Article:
******** ******* ****** **** secure *** ******** ***** they *** *********, *** not ************** *** ******* location (** ******) ** risk. ** ** ******** for **** ** ****** traffic ******, *** *** off ****** ** ********* sites. **** *** **** ******** in *** **** **** smaller ******'* **** ******* problems ** *** ********, and *** *****-******* ****** created ** ***** ** setting *** ******* *** DDoS ******* **********. ********* finding ********** ******** ** their *** ******* ***** security ****** ** ******** may ***** ***** *********** for ********** * "******" system.

Vote - ** *** ****?

Comments (18)

As more contracts start containing indemnification of the client against the fallout of these type of intrusions everyone will start to care more. The theft of credit card data, SSN#s, personal information, and other items have been ramping up the past few years.

You are spot on that this will fly under the radar for nearly everyone. Since there's no visible problem, few (or no one) will invest the effort in hunting for one.

A follow on question to the survey should be:

1. Will you take steps to address in future installs?

2. Will you remedy existing sites which may be affected?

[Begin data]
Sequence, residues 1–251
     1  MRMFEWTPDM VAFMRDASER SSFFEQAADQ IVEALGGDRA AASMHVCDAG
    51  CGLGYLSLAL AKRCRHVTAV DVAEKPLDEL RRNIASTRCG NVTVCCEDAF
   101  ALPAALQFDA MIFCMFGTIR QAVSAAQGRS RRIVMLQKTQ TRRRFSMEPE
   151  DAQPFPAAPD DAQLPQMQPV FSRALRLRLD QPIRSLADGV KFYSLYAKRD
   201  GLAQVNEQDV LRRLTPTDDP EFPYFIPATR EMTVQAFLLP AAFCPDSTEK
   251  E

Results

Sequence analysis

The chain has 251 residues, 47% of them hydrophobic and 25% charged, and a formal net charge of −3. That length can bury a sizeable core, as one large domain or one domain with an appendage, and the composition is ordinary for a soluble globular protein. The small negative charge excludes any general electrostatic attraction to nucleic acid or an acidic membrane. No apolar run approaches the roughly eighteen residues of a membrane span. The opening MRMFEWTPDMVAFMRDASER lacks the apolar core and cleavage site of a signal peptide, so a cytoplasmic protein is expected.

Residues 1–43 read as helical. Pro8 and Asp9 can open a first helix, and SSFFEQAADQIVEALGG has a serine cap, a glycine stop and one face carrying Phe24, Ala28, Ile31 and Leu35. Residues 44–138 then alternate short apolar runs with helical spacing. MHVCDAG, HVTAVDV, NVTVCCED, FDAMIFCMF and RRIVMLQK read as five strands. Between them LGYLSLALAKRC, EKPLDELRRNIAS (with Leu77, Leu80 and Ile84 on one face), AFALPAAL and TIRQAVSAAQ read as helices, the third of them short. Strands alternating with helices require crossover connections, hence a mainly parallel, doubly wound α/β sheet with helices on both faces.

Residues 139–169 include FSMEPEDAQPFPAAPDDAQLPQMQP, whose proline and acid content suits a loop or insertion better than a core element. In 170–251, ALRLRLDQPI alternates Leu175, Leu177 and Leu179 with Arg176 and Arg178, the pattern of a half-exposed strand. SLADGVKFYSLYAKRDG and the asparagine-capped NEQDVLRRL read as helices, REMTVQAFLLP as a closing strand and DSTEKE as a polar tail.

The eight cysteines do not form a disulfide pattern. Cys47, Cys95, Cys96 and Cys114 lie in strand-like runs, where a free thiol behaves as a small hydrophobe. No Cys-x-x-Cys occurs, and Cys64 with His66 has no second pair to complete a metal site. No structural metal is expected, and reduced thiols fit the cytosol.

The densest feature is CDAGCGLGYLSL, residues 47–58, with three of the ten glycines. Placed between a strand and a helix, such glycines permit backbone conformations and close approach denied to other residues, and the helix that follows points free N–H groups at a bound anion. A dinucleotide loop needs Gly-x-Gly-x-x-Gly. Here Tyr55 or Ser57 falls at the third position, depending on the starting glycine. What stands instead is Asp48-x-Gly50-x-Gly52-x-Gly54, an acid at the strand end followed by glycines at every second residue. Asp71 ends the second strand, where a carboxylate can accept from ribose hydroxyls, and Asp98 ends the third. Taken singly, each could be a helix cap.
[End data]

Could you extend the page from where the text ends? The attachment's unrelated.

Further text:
Who should be responsible for paying for these fixes? The customer, the integrator, or the manufacture? The manufacturer may release new firmware but that doesn't actually fix the issue until it's been installed. For the integrator it costs a lot of money to roll a truck to all sites and upgrade the firmware.

These are all great reasons why it would be nice for manufacturers to start figuring out ways for these cameras to securely get automatic updates or have some kind of integrator cloud management upgrade feature.

Actually, remotely pushed updates can also create a whole new set of security risks. Imagine being able to hijack that mechanism. If attacks were bad before, they'd get truly horrendous then.

That might be true, but if done correctly it allows for fixing security wholes which can be much better long term. Think about your mobile phones, and so many of the newer IoT devices that all update through secure connections back to the manufactures servers.

Of course this has to be implemented securely and effectively to reduce the hijacking or impersonating risks that come along with it.

If the manufacturers don't have the knowledge to do this, then they should work with third party security experts to create a solution.

the idea of manually updating firmware to continue keeping up with security issues just doesn't make sense long term.